Medicines used to treat skin disorders may not work in children with severe skin infections

Many children have a friend or neighbor, family member or co-worker with a life-threatening skin infection, whether it be eczema, psoriasis or rosacea. According to the Asthma and Allergy Foundation of America, young adults living with these conditions are at risk for severe lung disease, such as bronchitis or pneumonia.

But with treatments, such as popular over-the-counter antihistamines like Tylenol, anti-inflammatories and immunosuppressants, children are able to protect themselves against serious illness, but their skin is not protected from the body’s immune system.

A single dose of the Pfizer vaccine Omicron (Ondansetron Plexane Powder) is currently being tested as a way to combat Oticulis, the life-threatening type of skin infection called neutropenia.

Because of the small size of the trial, however, doctors still don’t have any reliable information for treating skin infections in infants and children.

In order to properly administer the vaccine, doctors must control for factors such as: the time that it takes the system to work, the amount of bacteria that are in the child’s urine, how the child’s fluids are being handled and the specific antibiotics that a child was already given. These factors will affect how a child’s immune system will fight off the disease.

The Omicron study was a small animal study (75 subjects were studied) that was not declared “definitive” by the research team.

A previous study of the vaccine in children provided an increase in recovery and wound closure. This portion of the study showed that two years later, parents could see better quality of life for children with skin infections.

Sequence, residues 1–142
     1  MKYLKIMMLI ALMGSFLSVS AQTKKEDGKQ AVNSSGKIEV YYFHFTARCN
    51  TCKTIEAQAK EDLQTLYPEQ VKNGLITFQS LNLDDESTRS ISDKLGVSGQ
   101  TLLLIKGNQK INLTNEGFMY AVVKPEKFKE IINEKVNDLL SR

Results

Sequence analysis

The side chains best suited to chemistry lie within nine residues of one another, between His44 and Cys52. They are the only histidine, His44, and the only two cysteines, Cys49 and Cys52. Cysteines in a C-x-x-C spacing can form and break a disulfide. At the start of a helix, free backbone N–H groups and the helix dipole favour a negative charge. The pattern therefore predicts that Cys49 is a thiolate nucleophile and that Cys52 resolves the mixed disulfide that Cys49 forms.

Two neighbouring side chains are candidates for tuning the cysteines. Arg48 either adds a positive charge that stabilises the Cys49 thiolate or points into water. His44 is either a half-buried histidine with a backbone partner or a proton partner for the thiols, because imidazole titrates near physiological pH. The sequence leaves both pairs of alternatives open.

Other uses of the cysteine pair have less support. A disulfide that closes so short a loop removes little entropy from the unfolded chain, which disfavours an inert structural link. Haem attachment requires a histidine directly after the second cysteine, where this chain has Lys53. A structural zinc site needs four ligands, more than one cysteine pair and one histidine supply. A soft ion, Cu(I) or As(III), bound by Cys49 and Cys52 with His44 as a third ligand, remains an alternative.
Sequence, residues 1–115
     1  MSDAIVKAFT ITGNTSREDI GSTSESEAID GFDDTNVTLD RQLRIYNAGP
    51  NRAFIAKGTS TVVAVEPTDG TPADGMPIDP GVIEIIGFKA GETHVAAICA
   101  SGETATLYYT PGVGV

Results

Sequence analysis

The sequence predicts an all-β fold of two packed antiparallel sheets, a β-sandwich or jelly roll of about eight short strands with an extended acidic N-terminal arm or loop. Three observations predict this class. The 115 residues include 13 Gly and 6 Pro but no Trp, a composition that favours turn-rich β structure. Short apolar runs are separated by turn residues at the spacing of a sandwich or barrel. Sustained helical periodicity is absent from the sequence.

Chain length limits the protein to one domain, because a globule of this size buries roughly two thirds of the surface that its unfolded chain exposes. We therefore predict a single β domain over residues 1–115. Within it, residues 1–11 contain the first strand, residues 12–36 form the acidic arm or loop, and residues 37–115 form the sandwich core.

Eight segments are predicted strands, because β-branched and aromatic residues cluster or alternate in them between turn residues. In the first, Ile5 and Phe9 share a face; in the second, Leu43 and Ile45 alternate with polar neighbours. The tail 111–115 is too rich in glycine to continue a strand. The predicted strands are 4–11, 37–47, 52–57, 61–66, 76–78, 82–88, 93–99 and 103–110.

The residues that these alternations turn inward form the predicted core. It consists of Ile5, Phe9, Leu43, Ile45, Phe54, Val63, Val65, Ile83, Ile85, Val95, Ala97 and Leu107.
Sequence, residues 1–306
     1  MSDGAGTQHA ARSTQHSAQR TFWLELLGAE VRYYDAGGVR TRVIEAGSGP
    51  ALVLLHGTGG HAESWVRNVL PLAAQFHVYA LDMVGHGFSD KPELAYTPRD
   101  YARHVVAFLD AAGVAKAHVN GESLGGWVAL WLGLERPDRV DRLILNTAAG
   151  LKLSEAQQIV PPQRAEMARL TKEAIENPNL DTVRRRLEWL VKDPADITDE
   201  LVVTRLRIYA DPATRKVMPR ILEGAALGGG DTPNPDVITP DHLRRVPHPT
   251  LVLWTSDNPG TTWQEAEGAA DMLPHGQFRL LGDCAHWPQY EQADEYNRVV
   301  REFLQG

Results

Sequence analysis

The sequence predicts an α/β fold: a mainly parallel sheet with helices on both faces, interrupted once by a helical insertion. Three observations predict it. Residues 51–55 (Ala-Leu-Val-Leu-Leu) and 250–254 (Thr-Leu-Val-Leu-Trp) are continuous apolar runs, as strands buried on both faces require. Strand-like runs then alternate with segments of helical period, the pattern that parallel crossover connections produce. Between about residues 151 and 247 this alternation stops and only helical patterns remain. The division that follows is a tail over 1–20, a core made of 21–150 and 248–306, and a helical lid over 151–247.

These findings may lead to longer-lasting reactions from the Olymont virus if their own children do get the vaccine and develop a life-threatening infection like Oticulis.

However, there is a third kind of skin infection that continues to be a problem: eczema and psoriasis. To find treatments for children who have eczema or psoriasis, doctors are using medications, corticosteroids and hyaluronic acid. Unfortunately, Omicron was not the best choice in controlling these conditions for children.

Dr. Dena Allen is an internist at Lenox Hill Hospital and author of Living Healthy On A Budget. She is also on the clinical faculty of Albert Einstein College of Medicine in New York City and teaches medical internists and physicians-in-training at Columbia University Medical Center. Learn more at

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